Mapping the rise of smart cloud kitchens
The food and beverage industry is ever-changing. Be it through mergers and acquisitions or technological advancements, there have been many changes in the industry due to its large market size. That has been no different in the Middle East, a region that has seen major change over the last few decades—both economically and socially. Among the changes is the launch of food delivery services, including Talabat, Careem NOW, Deliveroo, Zomato, UberEats and others, which have changed the landscape entirely. Nowadays, with the clicks of a few buttons, food is at your doorstep in no time.
There have been many mergers and acquisitions in the space as well. One of the first large acquisitions in the region were iFood and Talabat, both food delivery platforms that were bought out by international acquirers. More recently, in February 2018, ride-hailing app Careem announced that it had acquired RoundMenu, months before launching its own food delivery platform Careem NOW. This shows that larger players, like Careem and Uber—and recently Amazon through its strategic stake in Deliveroo—are diversifying their portfolios and betting on the food delivery market to be massive, even larger than it is today.
Along with this trend, there has been a shift to online ordering compared to in-restaurant dining. This, in itself, brought forward the opportunity for another trend – cloud kitchens. With the increasing number of food deliveries and the increasing cost of real estate for kitchens, cloud kitchens aim to help restaurants cut their costs and increase their revenues. Simply put, cloud kitchens are shared kitchen spaces for delivery-only restaurants. There is no place for anybody to dine in, it is delivery only.
The trend was pioneered by an Indian company called Faasos, a chain of kebab restaurants from the city of Pune. Due to the difficulties of finding and furnishing restaurants cost-effectively, Faasos decided to change tactic and opened their first centralised cloud kitchen. They closed their restaurants to the public and started to focus on online marketing, fast delivery and cheap rent. Within a year, this model transformed the business. There was no longer a need for these expensive and difficult-to-find restaurants. Instead, delivery-only was a huge opportunity. So much so, that world-renowned venture capital firm Sequoia Capital invested in Faasos, now Rebel Kitchens, in order to grow their business.
After this lucrative development, many cloud kitchens followed. Even Travis Kalanick, the co-founder of Uber, is working on a cloud kitchen startup after leaving the ride-hailing firm that acquired Careem earlier this year. Moreover, venture capital firms have seen the opportunity in the region as well.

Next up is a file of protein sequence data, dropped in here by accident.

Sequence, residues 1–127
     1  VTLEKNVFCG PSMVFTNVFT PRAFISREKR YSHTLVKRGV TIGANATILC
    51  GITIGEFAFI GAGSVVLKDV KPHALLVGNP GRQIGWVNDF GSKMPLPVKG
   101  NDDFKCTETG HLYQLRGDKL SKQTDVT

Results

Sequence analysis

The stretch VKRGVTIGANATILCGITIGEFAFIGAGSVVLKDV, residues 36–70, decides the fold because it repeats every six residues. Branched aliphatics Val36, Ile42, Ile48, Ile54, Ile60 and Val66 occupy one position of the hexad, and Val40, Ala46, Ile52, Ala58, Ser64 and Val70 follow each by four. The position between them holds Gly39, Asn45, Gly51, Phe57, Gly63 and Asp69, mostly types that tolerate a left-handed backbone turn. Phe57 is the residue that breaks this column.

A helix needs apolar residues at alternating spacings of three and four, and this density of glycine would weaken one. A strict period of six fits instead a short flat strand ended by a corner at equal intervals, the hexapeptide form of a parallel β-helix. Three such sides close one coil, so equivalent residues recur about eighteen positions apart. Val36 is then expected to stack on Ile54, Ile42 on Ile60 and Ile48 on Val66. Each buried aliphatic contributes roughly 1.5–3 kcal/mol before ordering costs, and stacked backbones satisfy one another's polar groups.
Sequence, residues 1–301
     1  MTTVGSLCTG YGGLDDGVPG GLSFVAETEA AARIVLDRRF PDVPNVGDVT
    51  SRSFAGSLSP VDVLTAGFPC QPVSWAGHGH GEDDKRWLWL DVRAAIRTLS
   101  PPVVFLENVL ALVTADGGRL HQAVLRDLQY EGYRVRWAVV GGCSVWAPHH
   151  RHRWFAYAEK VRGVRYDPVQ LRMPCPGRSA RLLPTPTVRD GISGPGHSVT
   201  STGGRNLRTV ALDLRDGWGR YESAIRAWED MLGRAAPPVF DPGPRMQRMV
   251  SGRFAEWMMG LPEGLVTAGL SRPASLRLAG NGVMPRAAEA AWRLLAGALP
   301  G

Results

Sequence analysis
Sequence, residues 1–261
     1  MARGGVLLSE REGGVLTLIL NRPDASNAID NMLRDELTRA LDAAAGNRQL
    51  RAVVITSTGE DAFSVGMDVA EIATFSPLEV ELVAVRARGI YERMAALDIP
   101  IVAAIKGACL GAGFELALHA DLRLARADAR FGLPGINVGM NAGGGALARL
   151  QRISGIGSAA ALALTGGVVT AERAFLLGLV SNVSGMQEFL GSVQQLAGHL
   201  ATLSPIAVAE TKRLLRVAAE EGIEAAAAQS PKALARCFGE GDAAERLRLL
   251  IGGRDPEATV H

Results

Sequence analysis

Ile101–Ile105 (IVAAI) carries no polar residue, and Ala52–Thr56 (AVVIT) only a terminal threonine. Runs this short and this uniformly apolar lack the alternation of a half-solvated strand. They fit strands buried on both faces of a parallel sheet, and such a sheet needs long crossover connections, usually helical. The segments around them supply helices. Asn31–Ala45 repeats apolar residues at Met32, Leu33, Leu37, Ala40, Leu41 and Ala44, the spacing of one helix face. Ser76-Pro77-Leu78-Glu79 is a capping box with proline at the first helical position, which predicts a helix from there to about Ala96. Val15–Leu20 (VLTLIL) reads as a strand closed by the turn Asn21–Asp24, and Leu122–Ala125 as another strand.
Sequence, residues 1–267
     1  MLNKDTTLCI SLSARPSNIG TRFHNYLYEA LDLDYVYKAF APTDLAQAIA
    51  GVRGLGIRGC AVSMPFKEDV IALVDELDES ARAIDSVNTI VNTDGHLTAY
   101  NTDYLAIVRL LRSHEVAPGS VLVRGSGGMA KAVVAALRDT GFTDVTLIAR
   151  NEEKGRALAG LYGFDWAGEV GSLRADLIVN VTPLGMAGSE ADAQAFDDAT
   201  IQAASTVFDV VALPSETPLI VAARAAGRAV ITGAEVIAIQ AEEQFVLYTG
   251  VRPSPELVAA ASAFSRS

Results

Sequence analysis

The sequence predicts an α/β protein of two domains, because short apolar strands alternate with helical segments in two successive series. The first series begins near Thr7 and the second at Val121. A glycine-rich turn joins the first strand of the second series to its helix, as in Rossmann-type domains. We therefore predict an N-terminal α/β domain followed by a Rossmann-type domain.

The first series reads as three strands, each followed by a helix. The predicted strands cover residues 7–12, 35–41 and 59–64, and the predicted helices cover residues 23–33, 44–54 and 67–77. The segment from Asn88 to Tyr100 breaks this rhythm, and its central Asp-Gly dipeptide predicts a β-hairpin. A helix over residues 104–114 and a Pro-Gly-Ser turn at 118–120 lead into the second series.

Kitopi, a cloud kitchen based out of Dubai, raised investment from Crescent Enterprises Ventures (CE-Ventures) and BECO Capital in late 2018, in order to grow its cloud kitchen network in the region. Kitopi is a delivery-only kitchen platform that cooks and delivers on behalf of other food brands, and has been growing rapidly.
Also Read: Serving Food From the Cloud
Mohamad Ballout, co-founder of Kitopi, said, “the partnership with CE-Ventures gives our unique business model the momentum we need to enhance our expertise and scale up our operations. Kitopi is a new concept, and we have seen widespread adoption by local and international food brands. We have ambitious plans of expanding both regionally and globally. Having the support of investors like CE-Ventures will be important as we continue to grow rapidly and extend support to more F&B businesses through leveraging our innovative tech-enabled ecosystem.”
Through its cloud kitchen, Kitopi aligns well with the requirements of small and medium-sized restaurants to expand their operations and reach, while reducing their order processing and delivery times. Moreover, since there is no investment requirement for an expensive restaurant, the startup allows restaurants and food brands to open delivery-only locations in the region. Seeing a large number of small and medium-sized restaurants in the region, which are hungry for more exposure and customers, cloud kitchens could be the perfect solution.
With the number of food deliveries expected to increase over the coming years, cloud kitchens are tackling the food delivery market, which, according to consulting company McKinsey, is only “at the beginning of the growth cycle” in the Middle East. For Kitopi, and the undoubted competitors that it will see, this will prove to be a lucrative opportunity – provided they can capitalise on it.